After all, as a “coloured” he too benefited from the same unjust system—to the extent that he was eligible to receive a Rhodes Scholarship, potentially over the head of some equally worthy but more pigmented and thus less advantaged candidate. Indeed, there are many black voices that would deny McKaiser’s credentials even to speak on behalf of the “black” experience. I hope that, like me, he will simply refuse to keep his mouth shut.
In conclusion, I find it decidedly offensive that McKaiser should presume to speak for the humble and penitent Vice. It all smacks of the brown male baas articulating what the downtrodden white female feels unable to say. If she has something to say, empower her to say it. After all, as long as a portion of the population is silent because it has been made to feel inferior, not worthy to speak, we remain trapped in a racist society.—James van den Heever, Johannesburg
Academic Samantha Vice has caused a storm of controversy with her thoughts on white shame in South Africa. Read the reactions. View our special report.
Privatisation and the business of private profit
We pay a heavy price for our short memories. No less astonishing than the simplistic praise of privatisation by Zambia’s minister of mines is that it seems to have gone unchallenged (”Inside ANC nationalisation debate”, Business, July 1).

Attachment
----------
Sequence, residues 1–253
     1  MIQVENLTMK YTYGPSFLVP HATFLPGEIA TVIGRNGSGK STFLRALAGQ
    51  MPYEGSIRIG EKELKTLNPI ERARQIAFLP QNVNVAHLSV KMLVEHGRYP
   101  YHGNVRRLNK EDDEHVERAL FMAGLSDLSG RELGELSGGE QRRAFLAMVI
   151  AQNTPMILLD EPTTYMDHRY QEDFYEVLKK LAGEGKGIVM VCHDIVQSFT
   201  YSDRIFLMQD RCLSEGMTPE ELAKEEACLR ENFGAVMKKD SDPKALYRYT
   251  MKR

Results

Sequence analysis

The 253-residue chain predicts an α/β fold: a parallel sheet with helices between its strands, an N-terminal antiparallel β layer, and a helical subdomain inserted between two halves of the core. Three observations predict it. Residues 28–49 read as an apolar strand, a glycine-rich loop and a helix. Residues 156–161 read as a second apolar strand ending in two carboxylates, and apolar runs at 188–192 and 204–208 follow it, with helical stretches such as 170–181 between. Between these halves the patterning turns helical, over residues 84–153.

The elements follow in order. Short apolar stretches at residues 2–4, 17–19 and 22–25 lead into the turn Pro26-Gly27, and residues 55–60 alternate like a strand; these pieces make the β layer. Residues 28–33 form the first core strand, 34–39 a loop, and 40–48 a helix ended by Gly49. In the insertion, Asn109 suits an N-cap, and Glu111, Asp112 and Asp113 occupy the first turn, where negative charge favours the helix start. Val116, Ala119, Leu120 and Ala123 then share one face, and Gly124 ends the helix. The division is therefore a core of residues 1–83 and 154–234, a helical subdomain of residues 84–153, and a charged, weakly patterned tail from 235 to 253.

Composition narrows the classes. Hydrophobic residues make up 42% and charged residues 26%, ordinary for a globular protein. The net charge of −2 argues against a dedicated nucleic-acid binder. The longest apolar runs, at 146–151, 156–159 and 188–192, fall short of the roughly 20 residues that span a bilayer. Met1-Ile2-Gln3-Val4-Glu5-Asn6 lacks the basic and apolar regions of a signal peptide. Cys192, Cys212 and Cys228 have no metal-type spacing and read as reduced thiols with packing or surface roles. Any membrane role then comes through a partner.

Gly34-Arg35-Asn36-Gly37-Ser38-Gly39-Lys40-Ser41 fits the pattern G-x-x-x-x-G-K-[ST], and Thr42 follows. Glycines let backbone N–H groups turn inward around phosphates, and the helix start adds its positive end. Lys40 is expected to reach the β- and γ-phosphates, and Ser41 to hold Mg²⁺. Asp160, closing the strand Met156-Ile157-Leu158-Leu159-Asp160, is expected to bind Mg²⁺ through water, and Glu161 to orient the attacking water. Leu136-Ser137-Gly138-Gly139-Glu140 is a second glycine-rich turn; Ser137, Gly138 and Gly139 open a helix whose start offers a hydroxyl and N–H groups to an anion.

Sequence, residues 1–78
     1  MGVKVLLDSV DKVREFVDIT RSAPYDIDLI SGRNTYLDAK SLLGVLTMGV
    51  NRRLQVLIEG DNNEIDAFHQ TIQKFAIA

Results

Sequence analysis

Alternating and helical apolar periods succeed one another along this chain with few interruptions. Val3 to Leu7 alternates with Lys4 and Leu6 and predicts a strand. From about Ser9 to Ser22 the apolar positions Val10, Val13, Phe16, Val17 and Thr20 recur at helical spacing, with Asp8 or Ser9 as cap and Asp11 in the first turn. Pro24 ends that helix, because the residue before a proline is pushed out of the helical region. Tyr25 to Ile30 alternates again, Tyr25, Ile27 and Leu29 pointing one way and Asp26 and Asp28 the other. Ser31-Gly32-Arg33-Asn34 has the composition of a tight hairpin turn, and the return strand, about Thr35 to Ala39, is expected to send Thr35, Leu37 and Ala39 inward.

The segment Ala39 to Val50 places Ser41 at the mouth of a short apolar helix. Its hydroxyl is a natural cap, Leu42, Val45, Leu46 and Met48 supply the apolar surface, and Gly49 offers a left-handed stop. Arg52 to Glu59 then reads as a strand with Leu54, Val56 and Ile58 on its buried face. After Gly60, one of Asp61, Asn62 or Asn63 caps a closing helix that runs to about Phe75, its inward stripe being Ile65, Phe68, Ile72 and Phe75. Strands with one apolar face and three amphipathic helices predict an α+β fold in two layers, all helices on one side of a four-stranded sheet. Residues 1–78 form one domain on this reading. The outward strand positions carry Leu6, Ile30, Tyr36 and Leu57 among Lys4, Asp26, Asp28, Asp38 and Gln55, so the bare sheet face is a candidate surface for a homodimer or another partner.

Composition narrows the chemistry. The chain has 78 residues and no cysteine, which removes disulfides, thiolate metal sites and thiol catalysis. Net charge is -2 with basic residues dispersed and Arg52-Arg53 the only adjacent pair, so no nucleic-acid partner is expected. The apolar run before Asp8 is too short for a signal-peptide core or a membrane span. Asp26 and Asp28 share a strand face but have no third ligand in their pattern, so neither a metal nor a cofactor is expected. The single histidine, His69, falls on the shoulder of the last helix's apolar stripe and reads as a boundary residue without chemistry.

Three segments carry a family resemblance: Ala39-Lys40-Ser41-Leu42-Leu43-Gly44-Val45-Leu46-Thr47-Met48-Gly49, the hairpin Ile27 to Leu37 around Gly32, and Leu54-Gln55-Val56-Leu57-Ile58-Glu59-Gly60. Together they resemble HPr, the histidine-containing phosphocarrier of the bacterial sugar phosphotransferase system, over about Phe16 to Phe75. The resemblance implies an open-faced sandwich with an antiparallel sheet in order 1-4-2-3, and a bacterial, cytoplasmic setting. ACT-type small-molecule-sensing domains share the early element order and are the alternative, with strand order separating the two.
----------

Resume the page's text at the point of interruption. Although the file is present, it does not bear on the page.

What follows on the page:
The core of the history Zambia’s minister of mines seeks to keep buried is as follows.
As part of a structural adjustment programme imposed on Zambia by the International Monetary Fund in the late 1990s (as it now seeks to do in Greece and elsewhere), Zambia was forced to privatise its copper mines. Anglo American thus became the owner of Zambia Consolidated Copper Mines (ZCCM), which produced 70% of Zambia’s copper.
The privatisation resulted in:
- Huge retrenchments in a country already plagued by unemployment;
- Aggravation of the debt burden the privatisation was supposed to ease (because the World Bank made a further loan available to Zambia to finance the retrenchments);
- Large cutbacks in education and healthcare (because Anglo American refused to continue ZCCM’s payment for most social services on the Copperbelt and for Zambia’s spending on health).
Moreover, Britain, having made the privatisation a condition of its promised £20-million loan, withheld the loan by making new preconditions.